Tag: Journal of Neurotrauma
A new study suggests that a nonsurgical, noninvasive spinal stimulation procedure can help people with severe spinal cord injury (SCI) regain use of their hands and fingers.
Developed at the University of California, Los Angeles (UCLA; USA) and NeuroRecovery Technologies (Dana Point, CA, USA) transcutaneous enabling motor control (TEMC) involves neuromodulation of nonfunctional sensory-motor networks by placing electrodes on the skin that stimulate the cervical spinal cord using an electrical current delivered at varying frequencies and intensities to specific locations. The goal of TEMC is to restore physiological states that enable and amplify voluntary muscle control.
Cardiovascular physiology researcher Victoria Claydon’s latest study, published in the Journal of Neurotrauma, focuses on the results of her multi-national study, which surveyed almost 300 participants with spinal cord injuries at or above the mid-thoracic level (middle of the chest ).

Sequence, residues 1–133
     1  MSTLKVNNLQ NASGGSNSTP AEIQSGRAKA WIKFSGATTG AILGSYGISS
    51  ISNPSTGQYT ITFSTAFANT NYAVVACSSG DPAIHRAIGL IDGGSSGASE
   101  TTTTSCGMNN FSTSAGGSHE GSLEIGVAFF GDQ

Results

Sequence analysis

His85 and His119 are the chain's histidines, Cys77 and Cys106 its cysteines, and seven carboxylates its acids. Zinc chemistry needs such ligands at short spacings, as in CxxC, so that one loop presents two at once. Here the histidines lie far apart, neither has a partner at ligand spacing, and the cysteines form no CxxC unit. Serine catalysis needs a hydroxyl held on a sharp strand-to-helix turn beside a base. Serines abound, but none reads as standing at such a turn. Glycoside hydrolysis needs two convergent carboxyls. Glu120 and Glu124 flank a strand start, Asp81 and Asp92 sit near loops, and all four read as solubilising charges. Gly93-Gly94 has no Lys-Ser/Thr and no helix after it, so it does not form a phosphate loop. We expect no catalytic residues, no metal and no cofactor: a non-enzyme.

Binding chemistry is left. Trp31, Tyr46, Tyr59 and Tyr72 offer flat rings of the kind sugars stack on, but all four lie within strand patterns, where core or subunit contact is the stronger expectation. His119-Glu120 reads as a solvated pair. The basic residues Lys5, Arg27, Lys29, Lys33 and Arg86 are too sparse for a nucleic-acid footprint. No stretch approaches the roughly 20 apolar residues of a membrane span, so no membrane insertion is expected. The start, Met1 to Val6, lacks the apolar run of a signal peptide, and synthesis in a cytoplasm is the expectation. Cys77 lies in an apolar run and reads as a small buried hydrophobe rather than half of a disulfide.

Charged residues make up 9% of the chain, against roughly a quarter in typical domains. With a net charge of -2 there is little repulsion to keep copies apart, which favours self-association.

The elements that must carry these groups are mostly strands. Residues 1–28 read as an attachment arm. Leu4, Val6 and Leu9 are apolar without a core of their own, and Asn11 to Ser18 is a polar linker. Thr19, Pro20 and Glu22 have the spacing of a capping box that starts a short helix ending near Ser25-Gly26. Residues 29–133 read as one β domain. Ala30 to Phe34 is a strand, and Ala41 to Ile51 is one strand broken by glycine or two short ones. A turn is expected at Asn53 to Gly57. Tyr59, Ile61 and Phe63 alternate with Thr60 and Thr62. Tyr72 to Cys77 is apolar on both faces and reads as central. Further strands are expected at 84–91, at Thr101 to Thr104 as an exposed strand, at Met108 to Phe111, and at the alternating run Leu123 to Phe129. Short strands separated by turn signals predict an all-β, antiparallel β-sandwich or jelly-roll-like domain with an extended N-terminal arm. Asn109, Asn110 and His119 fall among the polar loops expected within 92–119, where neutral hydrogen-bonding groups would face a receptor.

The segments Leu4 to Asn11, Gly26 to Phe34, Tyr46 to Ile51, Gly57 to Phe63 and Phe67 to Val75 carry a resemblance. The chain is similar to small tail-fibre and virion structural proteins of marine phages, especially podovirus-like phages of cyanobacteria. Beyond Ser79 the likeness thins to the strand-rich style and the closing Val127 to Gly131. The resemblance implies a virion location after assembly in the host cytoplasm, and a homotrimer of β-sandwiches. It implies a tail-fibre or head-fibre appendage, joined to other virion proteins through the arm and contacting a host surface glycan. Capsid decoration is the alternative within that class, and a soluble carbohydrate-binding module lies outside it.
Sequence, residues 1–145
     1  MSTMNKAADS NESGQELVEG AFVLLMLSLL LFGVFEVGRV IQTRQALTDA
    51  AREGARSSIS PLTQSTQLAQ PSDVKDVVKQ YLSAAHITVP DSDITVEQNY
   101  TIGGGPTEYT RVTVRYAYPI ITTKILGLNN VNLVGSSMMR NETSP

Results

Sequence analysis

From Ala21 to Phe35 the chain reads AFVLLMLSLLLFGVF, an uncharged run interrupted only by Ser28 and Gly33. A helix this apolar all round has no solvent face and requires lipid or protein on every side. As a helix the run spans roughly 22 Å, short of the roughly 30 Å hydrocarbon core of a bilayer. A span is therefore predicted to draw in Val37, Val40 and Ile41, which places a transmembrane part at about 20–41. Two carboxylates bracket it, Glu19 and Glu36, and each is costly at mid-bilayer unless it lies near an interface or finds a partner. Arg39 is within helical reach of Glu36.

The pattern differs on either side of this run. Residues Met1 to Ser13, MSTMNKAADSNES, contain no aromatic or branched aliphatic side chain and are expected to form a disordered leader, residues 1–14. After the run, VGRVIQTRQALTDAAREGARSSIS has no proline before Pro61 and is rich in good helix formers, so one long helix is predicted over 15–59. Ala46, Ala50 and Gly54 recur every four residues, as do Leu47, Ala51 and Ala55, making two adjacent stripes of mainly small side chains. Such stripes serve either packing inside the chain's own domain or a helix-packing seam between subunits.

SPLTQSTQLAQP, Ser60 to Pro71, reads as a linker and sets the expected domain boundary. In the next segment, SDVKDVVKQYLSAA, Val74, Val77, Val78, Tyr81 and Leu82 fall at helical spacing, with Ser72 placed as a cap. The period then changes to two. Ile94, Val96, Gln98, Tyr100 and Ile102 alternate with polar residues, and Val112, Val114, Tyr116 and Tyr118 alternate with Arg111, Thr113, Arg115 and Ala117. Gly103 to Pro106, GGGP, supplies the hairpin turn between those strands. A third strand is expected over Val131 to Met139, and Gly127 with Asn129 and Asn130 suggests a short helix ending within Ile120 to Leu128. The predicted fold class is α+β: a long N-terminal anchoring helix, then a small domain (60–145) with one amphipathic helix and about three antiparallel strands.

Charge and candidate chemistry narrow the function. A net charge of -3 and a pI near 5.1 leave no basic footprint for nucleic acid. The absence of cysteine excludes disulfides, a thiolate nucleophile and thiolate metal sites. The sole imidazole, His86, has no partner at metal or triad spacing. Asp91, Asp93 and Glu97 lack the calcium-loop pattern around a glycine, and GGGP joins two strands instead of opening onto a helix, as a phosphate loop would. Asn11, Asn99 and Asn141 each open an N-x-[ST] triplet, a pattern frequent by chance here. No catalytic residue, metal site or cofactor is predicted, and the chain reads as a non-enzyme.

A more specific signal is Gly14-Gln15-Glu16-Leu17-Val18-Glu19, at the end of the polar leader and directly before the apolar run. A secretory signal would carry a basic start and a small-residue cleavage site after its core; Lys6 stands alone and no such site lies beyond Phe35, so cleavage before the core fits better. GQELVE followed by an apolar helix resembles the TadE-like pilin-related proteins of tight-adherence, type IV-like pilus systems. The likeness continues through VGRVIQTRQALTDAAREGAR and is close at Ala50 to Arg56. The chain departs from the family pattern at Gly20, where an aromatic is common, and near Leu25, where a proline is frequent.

As a first step towards improving quality of life for this community, Claydon first had to collect data on the most pressing concerns for individuals with spinal cord injury. Her results showed that bowel care, followed by sexual function, bladder function and pain were of key concern. Surprisingly, one of the lowest-ranked concerns was using a wheelchair for mobility.
Dr. Ona E. Bloom, Feinstein Institute for Medical Research , associate professor has uncovered that white blood cell genes are present at different levels in people with spinal cord injury.
These findings, published yesterday online in the “Journal of Neurotrauma,” are a first step to understanding and developing better interventions for infections in people with spinal cord injury, which is the leading cause of death in these individuals.